Brits’ ‘dream team’ want first gold

Brits’ ‘dream team’ want first gold

LONDON - Agence France-Presse
Brits’ ‘dream team’ want first gold

Mark Cavendish, nicknamed ‘Manx Missile,’ is a favorite to win the road race and to win the hosts’ first medal in the Games. EPA Photo

Tour de France sprint king Mark Cavendish believes a ‘dream’ British cycling team can notch what could be the hosts’ first gold medal of the Games at the Olympic men’s road race on July 28. Only six days after Cavendish played a role in Bradley Wiggins’ historic yellow jersey triumph, the race’s 23-times stage winner starts as the favorite for the 250-kilometer men’s road race on the opening day of competition.

A host of challengers like Germany’s Andre Greipel and Slovakian Peter Sagan stand in his way, but Cavendish believes Britain’s five-man team have the edge.

“It’s the dream team,” said the 27-year-old from the Isle of Man. “If we wanted to win this race we couldn’t be in a better situation team-wise.”

Britain will line up with a five-man team notably including Wiggins and Scot David Millar armed with a plan to deliver Cavendish to the home straight in the perfect position for a bunch sprint.

If the plan comes together, the ‘Manx Missile’ - going on his recent form - will be hard to beat.

Crowned the world champion in 2011, when he beat Australian Matt Goss to the rainbow jersey in Copenhagen, Cavendish put some doubts over his form early in the Tour de France to bed with two, stunning late wins in the race.

Wiggins affirmed that any concerns Cavendish may ultimately pay for completing both the Giro d’Italia and the Tour in the last two months are well wide of the mark.

“We’ve got the fastest man in the world and I guess it’s for other people to combat that,” said Wiggins. When it comes to tactics, the road race, however, will be hard to predict.

It starts and finishes on the flat of The Mall within sight of Buckingham Palace, but with a circuit, which featuring the climb of Box Hill and will be raced nine times, Britain will have to be tactically astute.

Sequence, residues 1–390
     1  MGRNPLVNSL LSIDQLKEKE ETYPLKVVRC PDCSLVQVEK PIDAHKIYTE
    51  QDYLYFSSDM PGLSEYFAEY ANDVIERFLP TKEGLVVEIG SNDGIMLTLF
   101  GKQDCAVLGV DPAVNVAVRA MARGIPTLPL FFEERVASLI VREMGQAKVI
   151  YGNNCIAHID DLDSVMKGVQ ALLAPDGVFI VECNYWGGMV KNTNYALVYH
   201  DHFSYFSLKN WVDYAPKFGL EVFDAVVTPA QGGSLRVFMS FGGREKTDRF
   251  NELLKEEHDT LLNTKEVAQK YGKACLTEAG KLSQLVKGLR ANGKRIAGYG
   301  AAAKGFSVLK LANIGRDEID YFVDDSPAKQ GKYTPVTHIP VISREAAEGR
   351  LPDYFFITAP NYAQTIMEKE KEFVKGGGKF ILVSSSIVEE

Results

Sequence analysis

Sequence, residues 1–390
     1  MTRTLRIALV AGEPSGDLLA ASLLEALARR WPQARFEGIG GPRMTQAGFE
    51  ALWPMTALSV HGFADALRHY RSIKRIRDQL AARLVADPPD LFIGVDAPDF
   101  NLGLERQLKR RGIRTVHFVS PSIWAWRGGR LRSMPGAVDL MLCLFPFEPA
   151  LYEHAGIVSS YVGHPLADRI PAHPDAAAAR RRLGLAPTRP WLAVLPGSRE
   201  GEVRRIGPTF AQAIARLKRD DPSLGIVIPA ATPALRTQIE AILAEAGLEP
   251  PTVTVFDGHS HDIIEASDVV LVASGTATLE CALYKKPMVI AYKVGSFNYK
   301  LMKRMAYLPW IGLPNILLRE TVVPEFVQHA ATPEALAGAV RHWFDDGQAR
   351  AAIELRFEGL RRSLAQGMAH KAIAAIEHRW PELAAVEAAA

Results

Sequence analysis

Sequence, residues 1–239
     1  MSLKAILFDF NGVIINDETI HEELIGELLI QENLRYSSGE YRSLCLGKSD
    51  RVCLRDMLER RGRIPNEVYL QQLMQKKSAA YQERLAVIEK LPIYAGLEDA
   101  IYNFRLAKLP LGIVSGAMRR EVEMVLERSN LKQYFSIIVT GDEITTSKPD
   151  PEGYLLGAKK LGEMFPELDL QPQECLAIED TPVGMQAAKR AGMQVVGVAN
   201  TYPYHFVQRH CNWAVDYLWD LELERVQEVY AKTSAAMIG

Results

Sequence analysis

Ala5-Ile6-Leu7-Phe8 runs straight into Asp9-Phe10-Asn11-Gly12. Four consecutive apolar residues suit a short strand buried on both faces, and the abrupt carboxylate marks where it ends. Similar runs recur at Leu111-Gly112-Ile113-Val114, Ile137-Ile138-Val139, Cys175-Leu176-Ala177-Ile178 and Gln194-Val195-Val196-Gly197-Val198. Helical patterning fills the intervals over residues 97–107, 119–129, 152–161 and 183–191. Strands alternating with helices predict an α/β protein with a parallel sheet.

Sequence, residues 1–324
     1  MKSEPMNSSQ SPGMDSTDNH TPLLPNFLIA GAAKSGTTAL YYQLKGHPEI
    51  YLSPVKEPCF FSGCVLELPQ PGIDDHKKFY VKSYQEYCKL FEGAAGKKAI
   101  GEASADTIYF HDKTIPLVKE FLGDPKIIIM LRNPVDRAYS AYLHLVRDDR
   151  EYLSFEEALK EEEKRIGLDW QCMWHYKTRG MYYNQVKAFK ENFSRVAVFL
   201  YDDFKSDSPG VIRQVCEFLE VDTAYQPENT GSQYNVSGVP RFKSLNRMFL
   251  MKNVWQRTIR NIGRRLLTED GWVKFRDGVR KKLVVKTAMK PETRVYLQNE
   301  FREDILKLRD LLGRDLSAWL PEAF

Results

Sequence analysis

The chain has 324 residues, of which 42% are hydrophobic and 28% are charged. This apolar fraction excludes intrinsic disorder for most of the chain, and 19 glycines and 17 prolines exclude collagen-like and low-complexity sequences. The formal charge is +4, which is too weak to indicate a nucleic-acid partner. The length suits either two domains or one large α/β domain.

Australia said the team won’t just be looking to put Goss in a bunch sprint.

“Most of the traditional cycling nations don’t want a sprint because they’ve got very limited chances of a medal, I expect the race to be aggressive early; otherwise it just plays into the hands of the Poms (British),” said Australia boss Matt White.

“We’ve got a team that can afford to be aggressive. If it doesn’t work out then we’ve always got Gossy for the sprint, we can work both ways.” Like Britain with Wiggins, Australia’s team of Goss, Simon Gerrans, Stuart O’Grady, Cadel Evans and Michael Rogers has been labelled the “best” ever by O’Grady, who is competing in his sixth Olympics.

“This is the best team Australia has ever had going into an Olympic road race,” said O’Grady.
Milan-SanRemo champion Gerrans, meanwhile believes believes one of their potential advantages is the pressure factor on the hosts.

“Yeah, definitely, and the fact they are going in with the current world champion (Cavendish) and Tour de France champion (Wiggins) as well, that’s obviously attracting a lot of attention,” said Gerrans.

“In the past they have seemed to handle the pressure fairly well, but I don’t think they have ever had pressure like this before.” As well as Cavendish and Goss there’s Sagan, Greipel, and Belgian pair Tom Boonen and Philippe Gilbert.

Sagan, who won three stages at the Tour de France including the sprinters’ green jersey, stands out because he will not to have the full five-man team at his disposal given Slovakia’s comparatively lower ranking And while he has been given a positive appraisal from world cycling chief Pat McQuaid, the Irishman said a Cavendish win would not go amiss.

“I want to see the best win, whoever it might be,” said McQuaid, the International Cycling Union (UCI) president.

“ ... But I have to show a certain bias. Mark Cavendish coming up that finishing straight would just be the icing on the cake for the first gold medal of the Olympics.”